Week 10: The Story of Stuff

“Everything comes from the Earth… and everything goes back to the Earth”

Jane Flood, a master storyteller and mentor, once imparted those words of wisdom to me. It’s a powerful lesson we can see all around us. Life flourishes from its depths and will one day return. Or as one P2 boy wisely put it – “the grass is eaten by the antelope, the antelope is eaten by the lion, and when the lion dies it goes back to the ground and becomes the grass again… it’s the circle of life!”

But what about all the things that humans have created? The mobile phones, trainers and plastic bottles… do they come from the Earth too? And what happens when we are done with them… where do they go?

This weeks out to play sessions were called ‘The Story of Stuff’, inspired by the amazing video by Annie Leonard. If you haven’t seen it already definitely check it out here. I wanted to take the opportunity to widen the children’s awareness of natural cycles beyond trees and animals, to see the bigger story of Earth and humanity, whilst hopefully instilling the awareness to act in ways that don’t mindlessly cause it’s destruction.

I started the session with the question “What is nature?”

“Flowers”… “Trees”… “Animals”… “Water”…

“Well then”, I asked, “Are we nature? … Why not? If I am nature and you are nature then is a plastic bottle nature too? … And if we are nature, then how is us making a bottle different from a tree making a leaf?”

It was great reframing ideas of what is natural, creating a space for discussion and broadening the field of our nature-based work.

With the younger ones we then sat in a circle and played a simple game where I brought out a box that I told them was full of very old and precious objects… before revealing a plastic bottle. I then passed it around the circle followed by many other plastic objects – foam, a drinking straw, bubble wrap, netting fabric etc, encouraging them to play with the movements, sounds and characters that the objects wanted to make. They LOVED this… way beyond my expectations. We could have done it for the whole hour! There was something special about being given permission to play, make noise, engage the senses, laugh, and anticipate the objects that were to follow.

With the older ones I introduced the objects and then played a stellar improvisation game to develop lateral thinking (which children do effortlessly anyway!) Holding a plastic bottle I declared “This is not a plastic bottle, this is a….” and mimed using the bottle as something else, like a mobile phone, which the class all shouted out their guesses as to what it was. The bottle is passed around with the same introduction and endless possible transformations. This game was great for giving quieter children space to be acknowledged by the group, and supported the journey of thinking about objects differently.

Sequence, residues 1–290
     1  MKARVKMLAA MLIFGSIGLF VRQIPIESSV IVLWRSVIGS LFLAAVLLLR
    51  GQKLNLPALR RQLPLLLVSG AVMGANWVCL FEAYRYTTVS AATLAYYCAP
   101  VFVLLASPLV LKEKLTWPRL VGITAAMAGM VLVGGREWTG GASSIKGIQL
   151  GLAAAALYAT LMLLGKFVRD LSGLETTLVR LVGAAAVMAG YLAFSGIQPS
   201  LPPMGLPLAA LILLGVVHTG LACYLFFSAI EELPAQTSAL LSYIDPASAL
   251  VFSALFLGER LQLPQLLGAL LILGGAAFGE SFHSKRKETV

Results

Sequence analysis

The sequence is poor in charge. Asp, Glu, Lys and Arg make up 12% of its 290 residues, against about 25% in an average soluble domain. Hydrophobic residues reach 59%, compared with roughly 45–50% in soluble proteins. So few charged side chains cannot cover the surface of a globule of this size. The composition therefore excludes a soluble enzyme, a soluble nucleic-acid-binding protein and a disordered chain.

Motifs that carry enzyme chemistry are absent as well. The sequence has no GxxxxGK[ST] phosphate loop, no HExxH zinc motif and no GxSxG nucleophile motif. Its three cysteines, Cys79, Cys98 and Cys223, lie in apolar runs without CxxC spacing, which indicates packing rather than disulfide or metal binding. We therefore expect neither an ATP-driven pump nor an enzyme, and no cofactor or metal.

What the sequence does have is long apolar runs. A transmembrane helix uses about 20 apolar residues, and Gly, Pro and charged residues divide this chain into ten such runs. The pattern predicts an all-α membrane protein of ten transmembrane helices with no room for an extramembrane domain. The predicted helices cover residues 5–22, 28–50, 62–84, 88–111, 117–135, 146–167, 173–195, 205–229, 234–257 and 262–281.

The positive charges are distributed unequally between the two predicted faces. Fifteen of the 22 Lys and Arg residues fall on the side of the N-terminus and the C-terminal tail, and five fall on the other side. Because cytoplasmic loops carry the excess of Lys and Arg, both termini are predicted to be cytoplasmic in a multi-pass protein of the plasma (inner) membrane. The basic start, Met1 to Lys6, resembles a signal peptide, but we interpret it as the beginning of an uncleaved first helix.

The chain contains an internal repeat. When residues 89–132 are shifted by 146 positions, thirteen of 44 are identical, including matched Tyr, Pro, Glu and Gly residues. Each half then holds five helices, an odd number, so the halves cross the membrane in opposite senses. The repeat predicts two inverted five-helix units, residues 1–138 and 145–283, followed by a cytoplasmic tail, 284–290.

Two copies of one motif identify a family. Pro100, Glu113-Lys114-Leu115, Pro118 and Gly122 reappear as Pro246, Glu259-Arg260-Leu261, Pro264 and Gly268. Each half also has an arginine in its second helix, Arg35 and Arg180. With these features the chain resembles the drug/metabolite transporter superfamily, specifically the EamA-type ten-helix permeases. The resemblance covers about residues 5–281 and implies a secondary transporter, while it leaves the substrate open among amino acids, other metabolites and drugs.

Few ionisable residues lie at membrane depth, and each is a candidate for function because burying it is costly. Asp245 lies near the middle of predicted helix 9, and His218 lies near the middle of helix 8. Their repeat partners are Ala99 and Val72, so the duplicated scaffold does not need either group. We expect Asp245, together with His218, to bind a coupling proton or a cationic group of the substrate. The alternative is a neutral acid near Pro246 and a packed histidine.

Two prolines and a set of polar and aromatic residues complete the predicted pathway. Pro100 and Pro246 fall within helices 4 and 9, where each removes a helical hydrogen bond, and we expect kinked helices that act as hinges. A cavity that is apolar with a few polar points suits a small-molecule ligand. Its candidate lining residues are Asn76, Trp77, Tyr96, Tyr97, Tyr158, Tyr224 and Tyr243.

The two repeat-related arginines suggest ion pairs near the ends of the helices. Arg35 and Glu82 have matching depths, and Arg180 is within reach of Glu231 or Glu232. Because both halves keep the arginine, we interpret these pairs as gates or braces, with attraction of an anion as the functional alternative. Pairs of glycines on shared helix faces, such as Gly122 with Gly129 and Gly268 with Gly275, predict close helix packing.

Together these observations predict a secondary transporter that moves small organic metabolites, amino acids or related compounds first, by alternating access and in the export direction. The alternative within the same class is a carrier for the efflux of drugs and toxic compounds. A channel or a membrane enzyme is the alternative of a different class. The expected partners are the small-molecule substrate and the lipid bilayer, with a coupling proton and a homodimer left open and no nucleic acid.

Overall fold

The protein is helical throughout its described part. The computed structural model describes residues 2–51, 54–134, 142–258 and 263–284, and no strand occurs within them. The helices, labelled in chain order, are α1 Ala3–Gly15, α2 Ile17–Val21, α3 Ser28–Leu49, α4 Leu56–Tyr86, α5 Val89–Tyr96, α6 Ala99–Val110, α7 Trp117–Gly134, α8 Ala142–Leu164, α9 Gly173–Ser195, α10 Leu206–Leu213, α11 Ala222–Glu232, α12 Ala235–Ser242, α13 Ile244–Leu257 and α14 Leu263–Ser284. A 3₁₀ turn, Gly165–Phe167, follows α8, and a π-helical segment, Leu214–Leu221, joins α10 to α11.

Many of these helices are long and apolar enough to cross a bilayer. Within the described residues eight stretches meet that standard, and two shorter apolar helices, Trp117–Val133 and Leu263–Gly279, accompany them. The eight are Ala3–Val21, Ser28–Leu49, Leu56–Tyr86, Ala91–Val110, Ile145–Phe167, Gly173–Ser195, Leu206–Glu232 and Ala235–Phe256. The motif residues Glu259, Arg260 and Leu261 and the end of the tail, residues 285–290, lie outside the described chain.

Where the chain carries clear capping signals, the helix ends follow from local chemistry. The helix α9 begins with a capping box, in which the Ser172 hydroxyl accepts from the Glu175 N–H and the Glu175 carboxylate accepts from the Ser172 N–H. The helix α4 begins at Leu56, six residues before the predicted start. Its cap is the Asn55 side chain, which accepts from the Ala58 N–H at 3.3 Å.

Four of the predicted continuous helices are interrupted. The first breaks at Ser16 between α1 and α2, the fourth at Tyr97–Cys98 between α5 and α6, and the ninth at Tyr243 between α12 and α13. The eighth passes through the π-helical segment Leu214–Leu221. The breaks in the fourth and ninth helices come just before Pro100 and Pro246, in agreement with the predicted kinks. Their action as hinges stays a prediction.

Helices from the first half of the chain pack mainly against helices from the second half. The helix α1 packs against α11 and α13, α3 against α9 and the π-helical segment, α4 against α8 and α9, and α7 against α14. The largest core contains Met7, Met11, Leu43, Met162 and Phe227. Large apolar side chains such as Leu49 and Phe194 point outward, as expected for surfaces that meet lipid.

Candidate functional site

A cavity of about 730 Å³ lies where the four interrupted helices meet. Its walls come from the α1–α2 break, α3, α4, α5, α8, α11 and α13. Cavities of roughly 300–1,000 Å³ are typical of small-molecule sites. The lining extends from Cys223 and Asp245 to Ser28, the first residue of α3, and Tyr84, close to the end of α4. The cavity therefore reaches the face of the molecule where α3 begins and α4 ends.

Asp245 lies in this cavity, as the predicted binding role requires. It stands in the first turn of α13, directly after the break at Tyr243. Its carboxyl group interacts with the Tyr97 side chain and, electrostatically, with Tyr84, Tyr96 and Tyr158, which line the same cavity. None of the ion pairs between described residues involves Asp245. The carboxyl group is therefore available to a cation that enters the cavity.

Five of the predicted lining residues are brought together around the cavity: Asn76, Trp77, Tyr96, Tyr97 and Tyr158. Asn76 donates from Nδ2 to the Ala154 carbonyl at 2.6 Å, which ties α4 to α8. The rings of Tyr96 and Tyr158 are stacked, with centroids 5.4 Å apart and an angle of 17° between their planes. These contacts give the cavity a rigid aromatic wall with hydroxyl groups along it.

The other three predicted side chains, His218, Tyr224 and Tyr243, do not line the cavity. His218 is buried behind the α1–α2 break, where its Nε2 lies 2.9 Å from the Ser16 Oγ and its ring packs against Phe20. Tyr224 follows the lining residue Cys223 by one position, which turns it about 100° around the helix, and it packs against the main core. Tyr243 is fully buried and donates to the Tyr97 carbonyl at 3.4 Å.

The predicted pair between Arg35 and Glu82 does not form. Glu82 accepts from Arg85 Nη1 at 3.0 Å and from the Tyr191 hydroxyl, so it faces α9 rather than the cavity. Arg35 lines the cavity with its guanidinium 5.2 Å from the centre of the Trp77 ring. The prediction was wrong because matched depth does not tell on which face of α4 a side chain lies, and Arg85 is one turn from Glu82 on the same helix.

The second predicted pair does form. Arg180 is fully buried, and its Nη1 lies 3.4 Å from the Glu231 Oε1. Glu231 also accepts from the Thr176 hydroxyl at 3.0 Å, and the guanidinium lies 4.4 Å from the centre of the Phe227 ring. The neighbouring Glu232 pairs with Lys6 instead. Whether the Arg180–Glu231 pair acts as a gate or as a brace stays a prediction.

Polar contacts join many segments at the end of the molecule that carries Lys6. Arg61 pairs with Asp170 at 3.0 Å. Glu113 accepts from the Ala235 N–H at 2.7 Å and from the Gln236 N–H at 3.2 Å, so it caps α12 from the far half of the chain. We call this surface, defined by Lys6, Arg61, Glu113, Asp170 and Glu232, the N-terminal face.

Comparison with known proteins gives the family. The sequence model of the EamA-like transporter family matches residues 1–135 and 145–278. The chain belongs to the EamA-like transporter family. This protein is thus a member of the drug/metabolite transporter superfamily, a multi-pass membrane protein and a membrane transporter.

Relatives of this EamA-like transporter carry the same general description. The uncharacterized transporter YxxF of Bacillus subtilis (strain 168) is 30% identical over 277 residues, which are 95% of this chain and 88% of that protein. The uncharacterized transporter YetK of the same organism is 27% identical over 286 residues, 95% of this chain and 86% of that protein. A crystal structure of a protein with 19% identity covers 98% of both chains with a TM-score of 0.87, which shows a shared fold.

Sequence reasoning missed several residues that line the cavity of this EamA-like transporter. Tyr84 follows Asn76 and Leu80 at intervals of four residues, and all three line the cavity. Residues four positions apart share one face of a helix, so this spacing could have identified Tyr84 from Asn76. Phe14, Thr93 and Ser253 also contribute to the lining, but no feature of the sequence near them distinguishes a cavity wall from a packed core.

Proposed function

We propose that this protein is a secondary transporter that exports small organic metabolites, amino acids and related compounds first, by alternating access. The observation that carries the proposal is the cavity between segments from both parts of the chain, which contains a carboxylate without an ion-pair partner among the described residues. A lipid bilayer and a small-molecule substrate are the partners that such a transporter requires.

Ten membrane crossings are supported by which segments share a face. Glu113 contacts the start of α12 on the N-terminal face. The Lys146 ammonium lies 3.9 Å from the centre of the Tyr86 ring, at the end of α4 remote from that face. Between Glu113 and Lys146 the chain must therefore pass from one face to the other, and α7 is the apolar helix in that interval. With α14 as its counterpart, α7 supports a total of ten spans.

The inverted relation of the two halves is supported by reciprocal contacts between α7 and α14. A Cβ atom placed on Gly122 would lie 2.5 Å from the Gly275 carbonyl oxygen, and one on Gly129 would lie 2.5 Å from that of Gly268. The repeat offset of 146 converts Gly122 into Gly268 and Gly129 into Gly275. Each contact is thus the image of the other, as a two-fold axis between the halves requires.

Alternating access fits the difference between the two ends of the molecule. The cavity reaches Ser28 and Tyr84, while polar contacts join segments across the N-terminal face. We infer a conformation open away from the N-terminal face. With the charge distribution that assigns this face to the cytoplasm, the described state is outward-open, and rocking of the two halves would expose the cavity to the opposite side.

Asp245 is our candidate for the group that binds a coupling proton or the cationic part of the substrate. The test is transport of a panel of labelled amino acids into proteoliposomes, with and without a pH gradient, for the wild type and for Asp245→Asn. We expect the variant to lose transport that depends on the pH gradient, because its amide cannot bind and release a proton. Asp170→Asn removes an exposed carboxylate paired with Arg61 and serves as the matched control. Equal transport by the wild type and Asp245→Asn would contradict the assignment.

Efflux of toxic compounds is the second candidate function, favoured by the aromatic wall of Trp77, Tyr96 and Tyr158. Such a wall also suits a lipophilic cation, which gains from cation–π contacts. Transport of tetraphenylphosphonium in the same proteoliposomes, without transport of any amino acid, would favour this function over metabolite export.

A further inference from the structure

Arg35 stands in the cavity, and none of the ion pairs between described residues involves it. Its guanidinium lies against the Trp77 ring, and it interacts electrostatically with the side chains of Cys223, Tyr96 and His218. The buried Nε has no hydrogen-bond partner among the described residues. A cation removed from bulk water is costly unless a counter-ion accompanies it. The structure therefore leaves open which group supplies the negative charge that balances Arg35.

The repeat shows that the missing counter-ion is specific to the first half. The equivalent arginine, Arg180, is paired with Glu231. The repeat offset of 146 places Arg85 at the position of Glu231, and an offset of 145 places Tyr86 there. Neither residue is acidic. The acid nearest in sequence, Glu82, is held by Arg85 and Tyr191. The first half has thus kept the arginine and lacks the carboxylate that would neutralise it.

Next, I took the classes on a performed storytelling journey of the “lifecycle” of a plastic bottle. We started millions of years ago as under water creatures, whose bodies changed through time into oil, before being sucked back to the surface and transformed into plastic bottles. As we journeyed through the playground we embodied different elements or played games to understand the journey better. To show the factory production we played a great game where one child creates the sound and movement of a machine, which is then joined by more and more children until you have created a production line of noises and funny movements. This machine could be sped up or slowed down, allowing them to develop control over their movements and feel part of the group performance. This was a great exercise for groups as young as P2.

Although I am happy overall with this process, I found that for some of the younger ones the ideas were at times a little too abstract. When we journeyed to the bins after embarking on the journey from sea creatures to bottles, Eric, a brilliant lively P1 boy exclaimed, “I never knew you could recycle fish!”

The rest of the session was a puppetry workshop, inspired by a performance I made with Feral Theatre (www.feraltheatre.co.uk) last year about our relationship with plastic. A few years ago I was training in puppetry and I looked out of the window to see a young girl dancing in the wind with a plastic bag. She moved with the object as if they were one, and I realised then that to her the bag was not inanimate; it was alive just as you or I are.

In the classes I offered everyone a plastic object they wished to bring to life and asked them to find it a spot for their creature to sleep. They then gave their puppet breath, slowly inhaling and exhaling in time with moving the object. Their focus of many at this stage was amazing. I then counted down from 3 to wake up their plastic creatures. The moment of waking was hilarious. Seeing 30 rubbish objects simultaneously leap from the ground after peacefully sleeping in an ecstatic flurry of noise and joy was just brilliant. Their creatures explored, ate, fought, nested… suddenly they weren’t plastic any more. They weren’t disposable. They were alive just as they had once been underwater millions of years ago. They had their own journeys and stories, their own personalities and voices. What I witnessed in those sessions was the re-animation of rubbish and it gave me hope that the people of the future will no longer treat our world as disposable.